Elodie was educated at the Institute of Political Studies in Paris and Lyon, and holds a degree in Chinese Mandarin from the East China Normal University. She has been working for large groups (Huawei), international law firms (UGGC), governmental organization (UBIFRANCE), international think tanks (Asia Centre) and engineering consulting firm (IED). From 2011 to 2013, she acted as the Beijing correspondent of the French Council of Investors in Africa, gaining an expertise on China’s “resources quest” in Africa. She has also acquired significant professional experience in the renewable energy sector across Asia and Africa. Since April 2017 she has been developing a scientific mediation project on the Anthropocene, GEO-SAPIENS, with the aim of creating bridges between academic researchers, artists, and civil society organizations interested in political ecology. Since 2019, she is undertaking a PhD at the University of Northampton (UK) on the strategic role of ecological indicators and digital tools for ecological transition policies.
Chang Sun (University of Manchester): Rethinking Vaccine Diplomacy: Crises and Challenges for Developing Countries/Regions
The development and manufacturing of Covid-19 vaccines to some extent marked that we have moved forward into the next phase of the Covid-19 pandemic. If the bone of contention in the first phase was “who to blame”, in the second phase it may have been replaced by the question of “who can save”. Several countries, including China, Russia and the United States started their so-called vaccine diplomacy by donating vaccines to developing countries/regions such as Serbia, Taiwan, Algeria, etc. Media coverage as well as critical reviews in this issue have been around those countries that provide vaccines, while little attention has been paid to the recipient countries. What are the crises and challenges for these countries in the era of vaccine diplomacy? In my presentation I will try to answer this question by exploring the process and consequences of vaccine donation from the perspective of developing countries/regions. Serbia, for example, turns its crisis into an opportunity to enhance its diplomatic relationship with China and to improve its impact in Eurasia. Taiwan, on the other hand, chose to refuse Chinese vaccine as a sort of political gesture in search of further independence.
Chang Sun is currently a third-year PhD student in Chinese studies at the University of Manchester. She received her bachelor’s degree in Chinese Language and Literature from Beijing Language and Culture University (2017) and got a master’s degree in Cultural Studies from the Chinese University of Hong Kong (2018). Her primary research interests are visual culture in contemporary China, representation of minority groups in mass media and China’s post-socialist transformation. Now she is conducting a research about the representation of minority groups in Chinese independent documentary.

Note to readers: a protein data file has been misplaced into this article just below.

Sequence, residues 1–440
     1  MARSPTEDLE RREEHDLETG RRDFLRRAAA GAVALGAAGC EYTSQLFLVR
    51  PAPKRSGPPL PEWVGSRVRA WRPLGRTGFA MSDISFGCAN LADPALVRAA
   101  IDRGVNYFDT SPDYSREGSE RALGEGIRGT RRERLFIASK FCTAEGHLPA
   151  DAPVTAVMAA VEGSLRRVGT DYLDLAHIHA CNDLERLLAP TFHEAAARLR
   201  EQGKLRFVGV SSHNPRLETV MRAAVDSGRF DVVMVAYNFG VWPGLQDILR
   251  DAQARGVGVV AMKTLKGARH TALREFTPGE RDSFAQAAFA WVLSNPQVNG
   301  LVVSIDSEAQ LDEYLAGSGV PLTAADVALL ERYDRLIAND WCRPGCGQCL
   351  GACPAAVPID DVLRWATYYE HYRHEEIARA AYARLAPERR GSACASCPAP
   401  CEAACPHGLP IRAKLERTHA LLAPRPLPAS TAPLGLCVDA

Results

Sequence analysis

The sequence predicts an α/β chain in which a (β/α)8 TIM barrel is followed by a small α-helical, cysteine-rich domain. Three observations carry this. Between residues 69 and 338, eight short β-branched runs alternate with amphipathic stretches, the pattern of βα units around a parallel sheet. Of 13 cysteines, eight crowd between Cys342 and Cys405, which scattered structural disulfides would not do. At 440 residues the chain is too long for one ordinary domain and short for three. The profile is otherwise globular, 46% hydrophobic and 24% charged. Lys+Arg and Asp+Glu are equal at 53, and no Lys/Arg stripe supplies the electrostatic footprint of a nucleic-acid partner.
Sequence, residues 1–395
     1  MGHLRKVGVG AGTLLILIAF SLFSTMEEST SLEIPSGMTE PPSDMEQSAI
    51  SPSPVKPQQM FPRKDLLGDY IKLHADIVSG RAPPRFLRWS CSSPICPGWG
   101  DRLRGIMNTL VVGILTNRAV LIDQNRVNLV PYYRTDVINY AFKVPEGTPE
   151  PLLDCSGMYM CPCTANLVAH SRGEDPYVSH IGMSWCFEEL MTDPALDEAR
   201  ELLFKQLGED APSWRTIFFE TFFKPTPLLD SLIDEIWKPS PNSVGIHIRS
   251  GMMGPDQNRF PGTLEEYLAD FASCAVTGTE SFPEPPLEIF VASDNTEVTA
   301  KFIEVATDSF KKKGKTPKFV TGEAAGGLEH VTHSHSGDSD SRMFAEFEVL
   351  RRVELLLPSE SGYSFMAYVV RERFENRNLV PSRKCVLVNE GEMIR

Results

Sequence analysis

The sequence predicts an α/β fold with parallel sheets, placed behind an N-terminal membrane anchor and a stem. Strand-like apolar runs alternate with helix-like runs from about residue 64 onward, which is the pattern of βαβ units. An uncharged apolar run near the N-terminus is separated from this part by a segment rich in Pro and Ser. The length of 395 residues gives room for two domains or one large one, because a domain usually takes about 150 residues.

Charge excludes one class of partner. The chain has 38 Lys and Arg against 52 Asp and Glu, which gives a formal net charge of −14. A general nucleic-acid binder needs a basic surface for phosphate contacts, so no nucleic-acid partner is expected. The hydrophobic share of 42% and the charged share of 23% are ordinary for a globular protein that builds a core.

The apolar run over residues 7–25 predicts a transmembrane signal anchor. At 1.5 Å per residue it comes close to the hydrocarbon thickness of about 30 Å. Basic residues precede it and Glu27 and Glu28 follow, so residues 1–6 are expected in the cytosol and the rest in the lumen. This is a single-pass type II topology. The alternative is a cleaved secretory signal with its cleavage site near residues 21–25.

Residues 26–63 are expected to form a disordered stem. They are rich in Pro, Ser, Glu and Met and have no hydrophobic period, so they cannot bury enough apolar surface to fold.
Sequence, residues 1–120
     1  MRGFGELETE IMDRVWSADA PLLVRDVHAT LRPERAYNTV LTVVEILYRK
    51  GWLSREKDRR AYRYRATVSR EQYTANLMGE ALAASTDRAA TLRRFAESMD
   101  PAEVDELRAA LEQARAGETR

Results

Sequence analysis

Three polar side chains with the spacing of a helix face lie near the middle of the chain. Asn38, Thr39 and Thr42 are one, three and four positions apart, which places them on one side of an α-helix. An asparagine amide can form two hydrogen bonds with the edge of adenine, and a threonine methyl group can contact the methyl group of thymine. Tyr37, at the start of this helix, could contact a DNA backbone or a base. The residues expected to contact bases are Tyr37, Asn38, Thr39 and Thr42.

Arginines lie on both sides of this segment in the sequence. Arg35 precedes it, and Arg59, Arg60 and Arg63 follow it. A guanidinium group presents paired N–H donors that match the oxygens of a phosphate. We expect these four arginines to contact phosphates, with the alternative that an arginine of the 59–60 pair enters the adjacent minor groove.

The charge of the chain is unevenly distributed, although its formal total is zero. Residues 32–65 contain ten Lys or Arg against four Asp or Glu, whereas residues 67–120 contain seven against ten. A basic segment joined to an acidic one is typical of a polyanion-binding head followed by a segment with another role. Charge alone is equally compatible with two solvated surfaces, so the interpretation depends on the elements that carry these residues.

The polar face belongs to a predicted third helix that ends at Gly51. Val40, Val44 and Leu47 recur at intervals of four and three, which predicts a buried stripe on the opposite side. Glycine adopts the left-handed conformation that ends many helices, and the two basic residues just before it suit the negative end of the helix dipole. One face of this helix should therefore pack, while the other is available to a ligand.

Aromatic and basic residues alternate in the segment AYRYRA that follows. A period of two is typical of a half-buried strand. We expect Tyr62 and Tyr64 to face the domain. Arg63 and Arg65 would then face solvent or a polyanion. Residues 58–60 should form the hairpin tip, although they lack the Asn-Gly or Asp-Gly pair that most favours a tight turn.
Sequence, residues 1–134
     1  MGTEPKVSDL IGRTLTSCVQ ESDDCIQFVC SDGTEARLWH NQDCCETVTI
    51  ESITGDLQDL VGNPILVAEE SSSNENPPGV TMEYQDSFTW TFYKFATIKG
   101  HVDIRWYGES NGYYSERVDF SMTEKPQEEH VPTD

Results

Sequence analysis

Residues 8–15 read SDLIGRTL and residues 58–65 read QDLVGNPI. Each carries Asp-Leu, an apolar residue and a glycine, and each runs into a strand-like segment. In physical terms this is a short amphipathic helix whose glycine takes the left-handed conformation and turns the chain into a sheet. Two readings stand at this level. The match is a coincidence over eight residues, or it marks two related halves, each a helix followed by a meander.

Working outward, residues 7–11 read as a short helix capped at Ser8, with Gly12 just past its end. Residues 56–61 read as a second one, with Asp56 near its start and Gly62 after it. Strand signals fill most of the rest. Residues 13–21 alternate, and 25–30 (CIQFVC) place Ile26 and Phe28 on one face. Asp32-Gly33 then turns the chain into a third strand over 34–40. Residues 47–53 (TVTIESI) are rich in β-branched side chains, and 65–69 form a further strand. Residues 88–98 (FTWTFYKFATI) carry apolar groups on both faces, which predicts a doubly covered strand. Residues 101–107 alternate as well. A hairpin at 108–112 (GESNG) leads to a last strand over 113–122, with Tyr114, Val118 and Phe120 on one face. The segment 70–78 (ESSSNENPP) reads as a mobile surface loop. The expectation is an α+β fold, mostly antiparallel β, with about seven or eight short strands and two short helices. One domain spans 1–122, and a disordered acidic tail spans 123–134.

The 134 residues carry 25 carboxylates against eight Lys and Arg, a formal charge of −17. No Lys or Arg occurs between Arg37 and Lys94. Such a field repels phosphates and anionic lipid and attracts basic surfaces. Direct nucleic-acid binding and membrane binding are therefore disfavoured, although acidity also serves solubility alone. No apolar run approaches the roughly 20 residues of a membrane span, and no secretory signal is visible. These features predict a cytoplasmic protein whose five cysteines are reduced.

Sarah Keirle (University of Manchester): Keystone: a sonic exploration of the challenges faced by past and present British wildlife
Keystone is a sonic exploration of the challenges faced by past and present British wildlife, from extinctions to reintroductions to adaptations. Every sound was created using recordings taken at Wildwood Trust, a centre for the conservation of British wildlife that features both past and present species, interspersed with interviews from zookeepers about the threats and hopes for these animals. This piece forms part of a practice-based project exploring the use of animal communication within the context of electroacoustic composition to create new sonic means for conservation awareness, public engagement, and nature connection. “We’ve got to learn how to live with things again – it’s not just our earth, our land… we’ve got to give them some space back, really.”
Sarah is an electroacoustic composer and PhD researcher based in Manchester, UK. She graduated from the University of Manchester in 2017 with a first class MusB (hons) in Music and the P.J. Leonard First Prize for Electroacoustic Composition, and completed an Advanced Diploma in Sound for Film, Games and TV at SSR in 2018. In 2019, she completed a Masters in Electroacoustic Composition and Interactive Media, with Distinction. Her works have been performed at the ICMC, EASTN-DC, Radio CASo, Reform Radio, BEAST FEaST, MANTIS, ArtHouse Jersey, Diffrazioni Festival, Espacios Sonoros, TAma Festival, Ecos Urbanos, NMNW, MeCCSA-PGN, and SHETogether. Her work has also been released by ABLAZE Records on ‘Electronic Masters vol. 8’. Sarah is currently undertaking an AHRC NWCDTP funded PhD at the University of Manchester. Her research explores the use of animal sounds within electroacoustic composition to create new sonic means for conservation awareness, public engagement, and nature connection.